This “friend” I alluded to earlier is not a bad person. But he does remind me of my Dad’s behavior towards me which was that I did not need to be coddled or constantly congratulated for everything great I did. My Dad expected me to excel at anything I took on. And I did a lot of great things my whole life that I excelled at. I learned to play piano at 4 (taught myself). I taught myself to sew in 7th grade and quickly was better at it than my Mom (although she enjoyed that I was better at it than her). I could (and can still) type way faster than most people--about 125 words a minute--after I took typing in summer school in 8th grade, which led to future job success. I was a straight-A student all the way through high school. I was Valedictorian. I got my first job when I was 15 and starting then, I was promoted regularly in whatever job I held. I got a full 4-year academic scholarship to Northwestern University and worked 20 hours a week to pay for my room and board and belong to a sorority. After I got divorced, I paid off my mortgage, and now I’m retired and doing just fine. I’ve won a bunch of triathlons and done an Ultraman. I’m a good cook and a great seamstress. I’m a good gardener. I try to be a good friend, and I'm always trying to improve on that.
Now, do I expect to be told constantly how fucking great I am? NO. But I think there’s this behavior in me that believes that the more I accomplish, the more I’m deserving of love and affection, and in the end, that’s what I’m really after. So I have a hard time exposing all my talents to men, but then once I do I often end up being treated like I’m some oddity or that I am bragging. Seriously, I’m not bragging. I’m proud of the things I’ve done and can do and the person I am today. But I think everyone deserves to be congratulated for new significant accomplishments no matter how many others they have achieved in the past.
If you are a professional musician, I am sure you appreciate someone telling you how beautifully you just performed one of Bach’s Brandenburg Concertos, even though it’s the 200th time you’ve played it. If you are an artist that gets decent money for your art, it always feels good to hear someone tell you how much they love the painting of yours that they have hanging in their house. This is what the human experience is, and I like to spread the love to others for their accomplishments. I've attended many Ironman races on behalf of supporting my friends, and I know how much they appreciate it.
There are many friends and acquaintances I have that are very supportive and congratulatory—but this one “friend” is not. I should have red flagged this long ago, and I did for a time, but didn’t recognize what was wrong with the relationship. So here it is:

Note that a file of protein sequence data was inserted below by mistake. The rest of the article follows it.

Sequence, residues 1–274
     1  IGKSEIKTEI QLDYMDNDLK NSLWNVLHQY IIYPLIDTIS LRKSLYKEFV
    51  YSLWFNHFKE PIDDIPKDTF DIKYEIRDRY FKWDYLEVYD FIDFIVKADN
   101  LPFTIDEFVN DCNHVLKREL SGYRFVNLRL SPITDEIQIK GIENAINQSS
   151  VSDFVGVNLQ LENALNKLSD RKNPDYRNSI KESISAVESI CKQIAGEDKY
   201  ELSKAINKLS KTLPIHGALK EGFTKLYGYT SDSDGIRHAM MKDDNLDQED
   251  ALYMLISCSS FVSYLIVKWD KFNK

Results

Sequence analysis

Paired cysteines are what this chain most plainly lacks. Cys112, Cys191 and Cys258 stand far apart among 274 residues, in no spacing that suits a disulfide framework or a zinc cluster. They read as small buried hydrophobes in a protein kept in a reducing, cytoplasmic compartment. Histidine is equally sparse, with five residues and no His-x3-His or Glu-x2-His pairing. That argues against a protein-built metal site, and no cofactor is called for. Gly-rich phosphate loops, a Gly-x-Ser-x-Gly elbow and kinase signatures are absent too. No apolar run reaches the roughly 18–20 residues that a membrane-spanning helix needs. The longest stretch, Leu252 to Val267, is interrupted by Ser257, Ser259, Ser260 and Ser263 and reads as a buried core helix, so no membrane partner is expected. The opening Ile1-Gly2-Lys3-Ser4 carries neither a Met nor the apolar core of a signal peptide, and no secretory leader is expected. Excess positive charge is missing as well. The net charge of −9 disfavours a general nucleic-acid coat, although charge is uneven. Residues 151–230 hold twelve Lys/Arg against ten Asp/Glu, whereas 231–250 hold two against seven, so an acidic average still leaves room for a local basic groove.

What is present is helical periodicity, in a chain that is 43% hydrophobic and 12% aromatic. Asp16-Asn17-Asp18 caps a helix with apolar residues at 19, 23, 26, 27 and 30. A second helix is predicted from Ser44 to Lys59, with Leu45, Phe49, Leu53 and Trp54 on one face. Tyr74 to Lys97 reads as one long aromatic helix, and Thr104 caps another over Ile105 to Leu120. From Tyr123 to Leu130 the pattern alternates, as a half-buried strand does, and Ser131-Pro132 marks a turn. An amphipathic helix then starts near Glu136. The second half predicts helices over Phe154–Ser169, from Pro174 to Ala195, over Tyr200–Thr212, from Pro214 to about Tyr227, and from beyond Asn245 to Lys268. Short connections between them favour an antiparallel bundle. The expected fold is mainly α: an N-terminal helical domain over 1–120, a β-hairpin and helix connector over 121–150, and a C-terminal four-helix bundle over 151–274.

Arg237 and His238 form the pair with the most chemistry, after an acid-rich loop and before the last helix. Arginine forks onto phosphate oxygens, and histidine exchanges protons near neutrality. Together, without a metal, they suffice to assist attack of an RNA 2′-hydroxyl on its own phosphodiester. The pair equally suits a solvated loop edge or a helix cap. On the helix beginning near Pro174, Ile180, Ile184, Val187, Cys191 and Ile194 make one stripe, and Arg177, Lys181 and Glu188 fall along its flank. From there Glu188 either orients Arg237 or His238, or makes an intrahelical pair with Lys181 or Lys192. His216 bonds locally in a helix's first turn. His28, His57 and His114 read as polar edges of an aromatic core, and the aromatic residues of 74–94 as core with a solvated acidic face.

FUCKING CONGRATULATE ME AND SPONTANEOUSLY HUG ME SOMETIMES, YOU ASSHOLE
He probably doesn't read my blog. But he does manage to sometimes call me and text me and tell me about yet another free item (he makes quite a lot of money but expects free shit) he's received from some (name dropping) well known person. I always manage to say something like, "that's nice" or "that's cool" and "I hope you enjoy it." But, and maybe this is my issue, it comes across to me like, "my life is way fucking better than yours and it's a competition." Well, no, my life is just fine. With or without you. And I have real friends who don't lord their shit over me like they are trying to compete with me. For fuck's sake, I have a lot of younger friends, some male, some female, who are way better triathletes than I will ever be. I am as happy for their successes as I am for mine, and there is no sense in us trying to compete with one another.
Yes, I am a broken person, but I am no more or no less human than anyone else. I will keep setting big goals for myself, and I am grateful that I feel safe in talking about my own personal trauma, and that there are kind, loving people out there who won’t judge me for it or my sometimes perplexing behaviors, but who will gently point me in a direction that will help me if not completely overcome, but at least better understand and hopefully cope with it. And who will support me in my (sometimes seemingly excessive) athletic pursuits, and who will accept me in all my fucked up psychological coping strategies. And hug me. Always hug me!